In order of seriousness, Noreasters will produce icing – possibly severe – high surface winds, turbulence, snow and low-vis. How much of each depends on what path the low takes and what the pressure gradient is. By Noreaster standards, the January 3 storm was wet but the gradient was less impressive than other storms of its type.

Obviously, for any airplane but especially for an airplane with no de-icing equipment, icing is the top worry. Id be flying a Mooney 231 that is equipped with a hot prop but no other icing gear. Departing into freezing rain at the surface is a non-starter, as is arriving in it at the destination. Snow, even heavy snow, is less of a concern as long as it doesnt reduce the vis below minimums or close the airport to departures and arrivals due to runway contamination.

The Pink Band
Because they draw moisture from the relatively warm water, Noreasters have a rain/ice/snow transition band, depicted by a pink area on Weather Channel graphics. The band is always on the south or warmer side of the low. By Friday morning, the low had moved off the Jersey coast and the ice transition area appeared to be about 60 miles wide, extending from the Jersey/New York line into the central part of the state. South of that, it was all rain.

Unflyable in a non-deiced airplane, right? Not necessarily. Freezing rain and ice is often a surface event, as liquid water falls through below-freezing air trapped at the surface. Often, a Noreaster will pump warm air aloft and, indeed, that was the case. A couple of pireps I saw reported temps +3 to +5 degrees at 4,000 feet. On the other hand, there were so many reports of light to moderate mixed icing, that both the size of this warm air pool and the actual temperatures were suspect in my mind.

If you can depart on the cold side of the low, where the precip is all snow, you can sometimes climb high enough to get above whatever ice there might be and continue on your way. The problem with this trip was twofold. To get to New Jersey, Id have to transition New York airspace and ATC allows westbound traffic only at 4,000 or 6,000 feet in piston single. That altitude could easily be in a rich vein of supercooled water. Second, Id have to land in Trenton to pick up my co-pilot. And that would mean descending through potential freezing rain.

The surface temperature at Trenton was above freezing at 4 degrees C and was forecast to remain there through most of the day. That meant no freezing rain there, but not reliably warm enough to wash off any ice Id pick up during the descent and the approach. It might be doable but was hardly what Id call an appetizing challenge. The important question was how much icing was really out there?

Ugly Pireps
In a system like this, the forecasts dont count for much. Pireps paint the most accurate picture of whats really happening. And the picture wasnt pretty. Throughout early Friday, WeatherTap showed about a dozen pireps for New York State and New Jersey, with a handful for the New England states. To the west, near Pittsburgh, there was an urgent pirep from a Cessna Caravan reporting severe mixed icing. That didnt particularly alarm me because the air mass that far west was much colder than Id have to contend with. I was blindly hoping the low had warmed things up along the coast.

Another theory shot to hell. The pireps showed light to moderate mixed icing from about 4,000 feet well into the teens. Worse, all of the pireps were from air carriers or GA jets, which I am spring loaded not to trust. My view is that pilots of these aircraft tend to underreport the severity of icing because its largely a non-issue for them. Whats light icing to a 757 may be moderate or severe for an aircraft not capable of climbing through it in three minutes or burning it off with bleed air.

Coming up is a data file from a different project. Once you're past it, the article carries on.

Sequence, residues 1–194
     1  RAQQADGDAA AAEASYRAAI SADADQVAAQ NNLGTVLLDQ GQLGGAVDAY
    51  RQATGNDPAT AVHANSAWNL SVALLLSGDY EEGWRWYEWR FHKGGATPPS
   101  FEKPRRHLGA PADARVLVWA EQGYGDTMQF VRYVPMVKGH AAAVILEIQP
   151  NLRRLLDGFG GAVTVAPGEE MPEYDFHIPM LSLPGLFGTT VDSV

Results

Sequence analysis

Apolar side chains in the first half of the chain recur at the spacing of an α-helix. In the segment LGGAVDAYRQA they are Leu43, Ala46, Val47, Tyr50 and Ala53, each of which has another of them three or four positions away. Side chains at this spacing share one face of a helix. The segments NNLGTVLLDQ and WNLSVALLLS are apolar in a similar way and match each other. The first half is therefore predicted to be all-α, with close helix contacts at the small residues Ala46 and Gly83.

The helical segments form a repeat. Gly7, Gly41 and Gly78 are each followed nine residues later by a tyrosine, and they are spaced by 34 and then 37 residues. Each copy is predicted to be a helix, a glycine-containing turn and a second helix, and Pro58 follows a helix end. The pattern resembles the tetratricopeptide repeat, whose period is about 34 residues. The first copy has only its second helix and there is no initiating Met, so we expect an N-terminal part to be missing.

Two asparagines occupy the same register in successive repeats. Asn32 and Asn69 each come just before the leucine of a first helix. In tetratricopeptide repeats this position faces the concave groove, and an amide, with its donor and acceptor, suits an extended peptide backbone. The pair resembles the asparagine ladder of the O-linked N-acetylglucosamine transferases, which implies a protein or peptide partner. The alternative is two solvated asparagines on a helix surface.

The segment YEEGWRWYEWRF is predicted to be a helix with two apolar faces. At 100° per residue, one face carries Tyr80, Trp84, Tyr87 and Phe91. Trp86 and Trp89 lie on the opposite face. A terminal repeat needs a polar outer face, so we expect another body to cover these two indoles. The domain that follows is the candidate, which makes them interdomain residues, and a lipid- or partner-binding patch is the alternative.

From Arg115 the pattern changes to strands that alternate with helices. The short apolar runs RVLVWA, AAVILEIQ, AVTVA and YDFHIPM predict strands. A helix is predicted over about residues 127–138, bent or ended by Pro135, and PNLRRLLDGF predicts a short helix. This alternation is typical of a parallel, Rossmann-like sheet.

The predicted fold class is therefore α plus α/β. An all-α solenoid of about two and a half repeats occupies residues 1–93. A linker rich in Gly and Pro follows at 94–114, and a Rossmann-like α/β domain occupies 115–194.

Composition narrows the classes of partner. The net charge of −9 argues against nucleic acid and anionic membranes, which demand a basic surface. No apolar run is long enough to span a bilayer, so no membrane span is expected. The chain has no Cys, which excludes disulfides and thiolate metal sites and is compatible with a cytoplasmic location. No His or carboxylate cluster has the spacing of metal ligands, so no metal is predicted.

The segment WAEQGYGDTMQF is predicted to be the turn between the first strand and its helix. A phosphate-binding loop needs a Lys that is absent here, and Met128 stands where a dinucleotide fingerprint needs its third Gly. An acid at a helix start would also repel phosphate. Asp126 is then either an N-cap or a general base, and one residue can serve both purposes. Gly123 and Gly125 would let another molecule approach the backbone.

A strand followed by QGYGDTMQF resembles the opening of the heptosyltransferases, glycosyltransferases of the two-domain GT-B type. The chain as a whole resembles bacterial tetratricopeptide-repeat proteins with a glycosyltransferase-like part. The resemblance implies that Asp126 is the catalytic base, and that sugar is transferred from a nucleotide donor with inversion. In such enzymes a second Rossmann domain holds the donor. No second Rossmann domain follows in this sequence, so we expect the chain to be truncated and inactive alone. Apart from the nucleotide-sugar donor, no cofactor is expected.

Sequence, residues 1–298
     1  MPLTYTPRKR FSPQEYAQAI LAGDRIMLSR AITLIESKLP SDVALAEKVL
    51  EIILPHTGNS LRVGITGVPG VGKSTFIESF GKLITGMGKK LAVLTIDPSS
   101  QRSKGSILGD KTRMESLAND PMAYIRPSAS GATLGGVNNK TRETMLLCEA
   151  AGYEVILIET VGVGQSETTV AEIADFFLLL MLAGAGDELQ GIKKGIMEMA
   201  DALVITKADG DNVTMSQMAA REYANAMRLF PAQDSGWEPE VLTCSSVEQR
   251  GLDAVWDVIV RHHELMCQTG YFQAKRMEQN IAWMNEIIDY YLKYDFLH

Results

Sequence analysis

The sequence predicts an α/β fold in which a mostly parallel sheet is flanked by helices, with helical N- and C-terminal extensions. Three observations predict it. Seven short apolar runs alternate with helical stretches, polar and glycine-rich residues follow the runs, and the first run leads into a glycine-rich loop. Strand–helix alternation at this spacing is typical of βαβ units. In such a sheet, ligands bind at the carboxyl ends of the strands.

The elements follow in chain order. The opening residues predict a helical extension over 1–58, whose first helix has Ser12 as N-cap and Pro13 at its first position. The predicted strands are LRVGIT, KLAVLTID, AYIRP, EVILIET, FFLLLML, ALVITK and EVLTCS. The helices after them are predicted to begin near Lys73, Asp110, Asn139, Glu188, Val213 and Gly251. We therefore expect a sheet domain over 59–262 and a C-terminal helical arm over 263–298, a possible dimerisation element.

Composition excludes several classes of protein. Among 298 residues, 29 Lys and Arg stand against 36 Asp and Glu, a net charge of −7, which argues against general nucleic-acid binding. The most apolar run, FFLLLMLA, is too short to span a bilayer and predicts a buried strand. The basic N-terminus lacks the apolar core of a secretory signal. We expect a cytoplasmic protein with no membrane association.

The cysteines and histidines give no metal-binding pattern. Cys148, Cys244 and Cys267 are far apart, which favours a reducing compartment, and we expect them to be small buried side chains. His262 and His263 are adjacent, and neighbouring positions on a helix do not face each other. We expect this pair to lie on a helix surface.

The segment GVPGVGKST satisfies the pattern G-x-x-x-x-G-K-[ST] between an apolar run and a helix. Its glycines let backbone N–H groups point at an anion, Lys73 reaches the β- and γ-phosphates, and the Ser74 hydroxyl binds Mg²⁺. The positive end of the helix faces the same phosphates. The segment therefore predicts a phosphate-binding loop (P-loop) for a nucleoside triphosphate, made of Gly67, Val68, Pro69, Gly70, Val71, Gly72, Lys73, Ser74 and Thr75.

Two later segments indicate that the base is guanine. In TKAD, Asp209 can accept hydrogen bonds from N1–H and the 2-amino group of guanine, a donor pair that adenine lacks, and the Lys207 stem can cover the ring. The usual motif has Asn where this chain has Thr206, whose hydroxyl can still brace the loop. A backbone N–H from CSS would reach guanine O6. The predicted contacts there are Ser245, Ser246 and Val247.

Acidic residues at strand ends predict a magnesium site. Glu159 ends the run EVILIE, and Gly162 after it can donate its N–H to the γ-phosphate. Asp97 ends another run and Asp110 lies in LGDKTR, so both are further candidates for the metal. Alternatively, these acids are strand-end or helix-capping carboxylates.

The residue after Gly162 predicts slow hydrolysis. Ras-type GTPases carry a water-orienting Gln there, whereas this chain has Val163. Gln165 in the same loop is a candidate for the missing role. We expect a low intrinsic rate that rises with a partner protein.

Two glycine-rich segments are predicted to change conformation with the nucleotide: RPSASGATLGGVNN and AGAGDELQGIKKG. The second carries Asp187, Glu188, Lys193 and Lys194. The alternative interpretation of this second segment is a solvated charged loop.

The utter absence of light-aircraft pireps indicated to me that either no one was gutsy enough to give it a try or they were too scared to offer pireps. Neither was good. (The third possibility, of course, is that no fool in his right mind would even consider departing into such a mess and I was about to pitch my tent in that camp.)

At the departure end – Waterbury-Oxford, Conn. – the weather was acceptable. A 1,000-foot ceiling in light snow, wind out of the east gusting to 20 knots; clear and mostly dry runway. But that icy band in New Jersey simply wasnt going to move or warm up. In the end, it was the insurmountable factor that finally moved the decision from the maybe column to the no column.

The Finer Points
There is, of course, another aspect of the go/no-go decision: the legality. Bluntly, theres no way an aircraft without known ice certification can make a flight like this legally. As weve reported time and again, the mere appearance of icing in a forecast means that in departing into such weather, youre automatically exceeding the airplanes certification limitations unless you have icing protection, ergo, youre violating the FARs.

Yet anyone who flies during the winter when ice is in the forecast – which it almost always is – plays the odds that the icing wont be serious enough to pose a real threat. Perhaps the temperature is warm at the surface, the tops are low or pireps suggest the forecast is wrong. Whatever, if the odds of completing the flight without serious icing appear good and there are solid escape hatches, most of us launch into the clag and take our chances.

That wasnt the case in this storm. The bolt holes simply werent there. There was serious widespread icing and simply no plausible deniability if the trip unraveled and ended up with an emergency declaration to divert … or worse. The fact that Id have to transition busy New York airspace with limited altitude flexibility – make that no altitude flexibility – meant Id be at the mercy of ATC and the weather, with not many options.

Important trip or not, I cancelled the flight by midday Friday. The Florida meeting would have to wait. The next day, I extracted the airplane from an ice-bound hangar and arrived at my destination exactly 24 hours later than planned. All things considered, thats not bad. Its certainly far better than some ugly alternatives I can easily imagine.

-Paul Bertorelli is an ATP/CFII and editor of Aviation Consumer.